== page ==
Deadly floods in Afghanistan

Last updated 23:58 07/06/2014

Relevant offers

Asia

Death toll at collapsed building in Taiwanese city reaches 114 Indonesia asks messaging apps to remove same-sex emojis in LGBT backlash Travel for stuffed animals is a thing North Korea military takes over shared factories after South's 'declaration of war' Wild elephant goes on rampage in Indian village Intelligence chief: North Korea restarts plutonium reactor Kiwi man found dead in Cambodian resort Bloody riots erupt in Hong Kong Lunar New Year celebrations Taiwan earthquake: Survivor tells of living through collapse of building The children in the shadow of China's economy - Unicef

Flooding in a remote part of northern Afghanistan has claimed more than 50 lives and forced thousands to flee their homes.

It was the latest in a string of deadly flash floods, landslides and avalanches in Afghanistan's rugged northern mountains, where roads are poor and many villages are virtually cut off from the rest of the country.

Lt. Fazel Rahman, the police chief in the Guzirga i-Nur district of the northeastern Baghlan province, said 54 bodies have been recovered, including the remains of women and children, but many others are still missing.

He said the death toll could climb to 100 and called for emergency assistance from the central government.

"So far no one has come to help us. People are trying to find their missing family members," Rahman said, adding that the district's police force was overstretched by the scale of the disaster.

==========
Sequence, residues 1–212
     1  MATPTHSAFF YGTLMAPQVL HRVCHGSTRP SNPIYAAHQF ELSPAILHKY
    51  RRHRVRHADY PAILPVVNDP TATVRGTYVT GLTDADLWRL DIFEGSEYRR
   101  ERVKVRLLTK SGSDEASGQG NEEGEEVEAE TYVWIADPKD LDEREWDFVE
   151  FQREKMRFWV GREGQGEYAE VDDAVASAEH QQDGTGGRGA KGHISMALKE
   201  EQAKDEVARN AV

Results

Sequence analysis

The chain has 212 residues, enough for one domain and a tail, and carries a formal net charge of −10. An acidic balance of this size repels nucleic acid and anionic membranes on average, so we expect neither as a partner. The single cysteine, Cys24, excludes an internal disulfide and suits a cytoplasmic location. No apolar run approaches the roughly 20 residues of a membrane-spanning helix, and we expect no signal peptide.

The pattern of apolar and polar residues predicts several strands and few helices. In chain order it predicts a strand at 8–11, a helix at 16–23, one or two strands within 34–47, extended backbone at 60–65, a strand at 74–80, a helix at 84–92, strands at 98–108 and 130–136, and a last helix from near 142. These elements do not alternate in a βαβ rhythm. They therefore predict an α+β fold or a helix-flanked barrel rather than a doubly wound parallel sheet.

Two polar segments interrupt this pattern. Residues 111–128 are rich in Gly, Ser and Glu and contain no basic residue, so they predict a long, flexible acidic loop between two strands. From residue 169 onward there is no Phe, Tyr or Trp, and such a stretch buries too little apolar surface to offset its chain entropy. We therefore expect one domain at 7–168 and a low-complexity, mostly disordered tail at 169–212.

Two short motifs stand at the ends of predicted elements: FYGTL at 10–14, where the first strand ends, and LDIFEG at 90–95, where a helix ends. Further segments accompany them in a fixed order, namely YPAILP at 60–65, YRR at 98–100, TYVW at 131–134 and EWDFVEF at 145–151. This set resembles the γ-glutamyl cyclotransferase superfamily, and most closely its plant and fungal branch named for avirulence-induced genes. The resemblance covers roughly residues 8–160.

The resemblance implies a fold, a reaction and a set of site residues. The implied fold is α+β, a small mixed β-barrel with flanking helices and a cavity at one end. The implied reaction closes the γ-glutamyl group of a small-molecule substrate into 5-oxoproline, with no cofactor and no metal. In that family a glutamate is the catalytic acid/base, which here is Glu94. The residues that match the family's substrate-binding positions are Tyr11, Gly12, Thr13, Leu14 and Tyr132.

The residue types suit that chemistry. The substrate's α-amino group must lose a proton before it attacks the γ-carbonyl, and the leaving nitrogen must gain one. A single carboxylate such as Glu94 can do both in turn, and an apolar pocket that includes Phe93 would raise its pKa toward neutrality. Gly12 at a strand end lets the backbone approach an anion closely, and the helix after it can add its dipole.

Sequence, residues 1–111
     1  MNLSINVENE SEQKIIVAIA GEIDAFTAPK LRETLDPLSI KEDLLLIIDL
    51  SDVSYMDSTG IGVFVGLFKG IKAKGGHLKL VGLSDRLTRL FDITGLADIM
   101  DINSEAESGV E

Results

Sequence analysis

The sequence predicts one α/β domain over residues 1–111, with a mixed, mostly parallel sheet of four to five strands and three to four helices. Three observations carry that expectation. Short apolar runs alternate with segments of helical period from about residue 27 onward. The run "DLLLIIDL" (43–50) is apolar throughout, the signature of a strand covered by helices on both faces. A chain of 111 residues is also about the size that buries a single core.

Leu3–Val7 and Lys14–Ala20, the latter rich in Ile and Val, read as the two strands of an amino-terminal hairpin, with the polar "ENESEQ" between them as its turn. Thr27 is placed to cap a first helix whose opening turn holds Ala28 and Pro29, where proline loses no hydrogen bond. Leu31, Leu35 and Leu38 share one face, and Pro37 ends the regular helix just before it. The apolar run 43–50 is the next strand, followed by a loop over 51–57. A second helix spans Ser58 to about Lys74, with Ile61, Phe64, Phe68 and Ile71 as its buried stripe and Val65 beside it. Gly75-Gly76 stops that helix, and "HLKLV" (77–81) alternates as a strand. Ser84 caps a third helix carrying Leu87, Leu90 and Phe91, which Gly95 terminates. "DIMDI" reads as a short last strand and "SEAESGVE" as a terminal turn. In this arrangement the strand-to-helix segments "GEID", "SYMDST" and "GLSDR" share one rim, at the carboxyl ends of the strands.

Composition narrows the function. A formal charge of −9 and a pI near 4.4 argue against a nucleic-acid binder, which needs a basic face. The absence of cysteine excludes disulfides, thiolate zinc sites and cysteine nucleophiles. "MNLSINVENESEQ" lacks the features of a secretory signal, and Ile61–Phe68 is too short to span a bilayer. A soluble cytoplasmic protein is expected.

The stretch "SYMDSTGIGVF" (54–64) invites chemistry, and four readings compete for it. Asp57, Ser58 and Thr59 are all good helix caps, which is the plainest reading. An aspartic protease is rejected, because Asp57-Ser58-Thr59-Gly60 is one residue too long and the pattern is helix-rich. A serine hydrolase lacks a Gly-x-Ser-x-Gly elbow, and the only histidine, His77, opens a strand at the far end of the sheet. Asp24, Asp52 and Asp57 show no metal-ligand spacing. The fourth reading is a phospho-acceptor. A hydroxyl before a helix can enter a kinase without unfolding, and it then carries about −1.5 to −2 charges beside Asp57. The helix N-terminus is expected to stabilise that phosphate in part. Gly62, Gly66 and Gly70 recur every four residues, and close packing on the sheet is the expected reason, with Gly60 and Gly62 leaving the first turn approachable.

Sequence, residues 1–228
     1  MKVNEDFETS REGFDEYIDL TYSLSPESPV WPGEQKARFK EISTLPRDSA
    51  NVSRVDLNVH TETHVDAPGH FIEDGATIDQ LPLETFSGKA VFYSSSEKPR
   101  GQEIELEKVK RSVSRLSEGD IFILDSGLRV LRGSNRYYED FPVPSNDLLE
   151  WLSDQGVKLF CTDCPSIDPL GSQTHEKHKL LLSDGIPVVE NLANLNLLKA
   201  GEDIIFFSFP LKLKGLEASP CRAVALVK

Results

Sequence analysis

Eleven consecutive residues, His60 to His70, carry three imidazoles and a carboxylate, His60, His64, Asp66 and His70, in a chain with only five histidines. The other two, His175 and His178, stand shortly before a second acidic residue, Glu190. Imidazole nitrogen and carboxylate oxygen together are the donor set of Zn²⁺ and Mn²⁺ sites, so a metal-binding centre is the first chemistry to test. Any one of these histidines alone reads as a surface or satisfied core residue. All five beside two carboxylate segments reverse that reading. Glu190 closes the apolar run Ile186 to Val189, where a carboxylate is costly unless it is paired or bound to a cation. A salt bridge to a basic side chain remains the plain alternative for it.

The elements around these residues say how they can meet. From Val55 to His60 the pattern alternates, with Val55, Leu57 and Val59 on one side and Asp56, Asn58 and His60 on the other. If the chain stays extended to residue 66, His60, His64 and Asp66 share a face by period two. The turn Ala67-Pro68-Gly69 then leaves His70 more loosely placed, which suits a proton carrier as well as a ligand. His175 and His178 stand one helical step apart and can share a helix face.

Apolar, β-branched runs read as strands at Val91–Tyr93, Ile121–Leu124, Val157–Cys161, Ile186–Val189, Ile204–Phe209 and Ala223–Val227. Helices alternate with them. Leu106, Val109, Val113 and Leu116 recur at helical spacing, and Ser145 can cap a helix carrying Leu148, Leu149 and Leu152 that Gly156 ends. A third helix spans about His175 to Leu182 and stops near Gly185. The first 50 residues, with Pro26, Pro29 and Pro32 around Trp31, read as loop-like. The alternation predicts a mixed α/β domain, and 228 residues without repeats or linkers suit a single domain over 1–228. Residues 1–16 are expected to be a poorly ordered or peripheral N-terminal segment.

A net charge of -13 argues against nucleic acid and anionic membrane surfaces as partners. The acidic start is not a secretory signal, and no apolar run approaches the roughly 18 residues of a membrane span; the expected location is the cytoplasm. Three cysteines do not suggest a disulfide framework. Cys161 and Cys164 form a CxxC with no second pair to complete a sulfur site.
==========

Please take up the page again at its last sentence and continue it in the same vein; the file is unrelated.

Gen. Mohammad Zahir Azimi, spokesman for the Afghan Defense Ministry, said two Army helicopters have been sent to the area to provide assistance.

The Afghanistan Natural Disaster Management Authority (ANDMA) has stockpiles of food and other supplies in Baghlan province and has started the process of shipping them to the affected area, said Mohammad Aslim Sayas, deputy director of the agency.

He said a delegation has been sent to the affected villages to assess needs.

Guzirga i-Nur district is located more than 140 kilometers north of the provincial capital Puli Khumri.

Jawed Basharat, the spokesman for the Baghlan provincial police, said they were aware of the flooding, but that it would take eight to nine hours for them to reach the area by road.

Afghans living in the northern mountains have largely been spared from the country's decades of war, but are no strangers to natural disasters.

Last month a landslide triggered by heavy rain buried large sections of a remote northeastern village in the Badakhshan province bordering China, displacing some 700 families.

Authorities have yet to provide an exact figure on the number of dead from the May 2 landslide, and estimates have ranged from 250 to 2,700. Officials say it will be impossible to dig up all the bodies.

A landslide in Baghlan province in 2012 killed 71 people. After days of digging unearthed only five bodies, authorities decided to halt the recovery effort and turn the area into a memorial for the dead.

 


Ad Feedback

- AP

Special offers

Featured Promotions

Sponsored Content